Women and the mental health system : the social impact of the biological model

Thomas, Zoë (2000). Women and the mental health system : the social impact of the biological model. PhD thesis The Open University.

DOI: https://doi.org/10.21954/ou.ro.0000e2e5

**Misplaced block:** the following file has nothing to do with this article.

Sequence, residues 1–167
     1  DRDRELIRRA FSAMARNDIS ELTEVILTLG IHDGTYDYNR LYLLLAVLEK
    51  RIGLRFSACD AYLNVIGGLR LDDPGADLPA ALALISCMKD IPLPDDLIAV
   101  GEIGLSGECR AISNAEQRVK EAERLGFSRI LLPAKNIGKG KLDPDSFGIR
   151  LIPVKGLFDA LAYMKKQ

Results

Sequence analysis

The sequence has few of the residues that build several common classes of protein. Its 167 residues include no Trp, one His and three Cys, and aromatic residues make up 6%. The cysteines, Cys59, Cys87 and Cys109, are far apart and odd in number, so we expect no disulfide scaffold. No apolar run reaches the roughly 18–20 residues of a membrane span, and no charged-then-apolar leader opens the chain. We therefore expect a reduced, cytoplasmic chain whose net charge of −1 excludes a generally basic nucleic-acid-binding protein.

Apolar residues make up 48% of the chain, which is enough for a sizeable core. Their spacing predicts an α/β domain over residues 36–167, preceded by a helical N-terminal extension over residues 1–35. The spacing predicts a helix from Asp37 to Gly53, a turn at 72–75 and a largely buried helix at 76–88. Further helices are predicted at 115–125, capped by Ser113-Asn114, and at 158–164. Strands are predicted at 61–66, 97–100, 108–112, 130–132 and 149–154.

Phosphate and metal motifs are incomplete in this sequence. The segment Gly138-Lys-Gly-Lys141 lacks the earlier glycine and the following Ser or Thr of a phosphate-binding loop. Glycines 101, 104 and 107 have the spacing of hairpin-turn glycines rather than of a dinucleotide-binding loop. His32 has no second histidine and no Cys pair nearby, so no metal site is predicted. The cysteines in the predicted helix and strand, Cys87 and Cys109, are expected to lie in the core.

British psychiatry is dominated by a biological model of mental illness. To date, there has been considerable research which has focused on the validity of the biological of mental illness. There has been a dearth of research which has aimed to investigate the social impact of the biological model by reference to mental health service users' perspectives. Indeed, overall there has been little research that has aimed to evaluate mental health service provision by means of an analysis of service users' views. In the research that has been carried out previously, the specific issues affecting women service users have often been overlooked. This thesis contends that women service users' experiences must be taken into account in order to effectively analyse the operation of the mental health system. The research is based on interviews with women mental health service users and ex-users. These interviews suggest that many women are dissatisfied with mental health service provision. A recurrent criticism made by the interviewees was that they felt objectified by medical professionals who did not allow them to become involved in decisions relating to their treatment. In some cases the women described how oppressive experiences that were significant in causing their mental health problems were repeated within statutory service provision. The majority of participants criticised the policy of 'care in the community' for failing to address their needs; they opposed the programme of psychiatric hospital closure despite expressing reservations about hospital treatment. In this thesis it is argued that women's dissatisfaction with statutory mental health service provision often stems from the inherently conservative nature of psychiatry. The biological model serves to disempower service users, whilst providing a secure power base for psychiatrists. It also serves to divert attention from oppressive social processes and plays a role in maintaining the social status quo.

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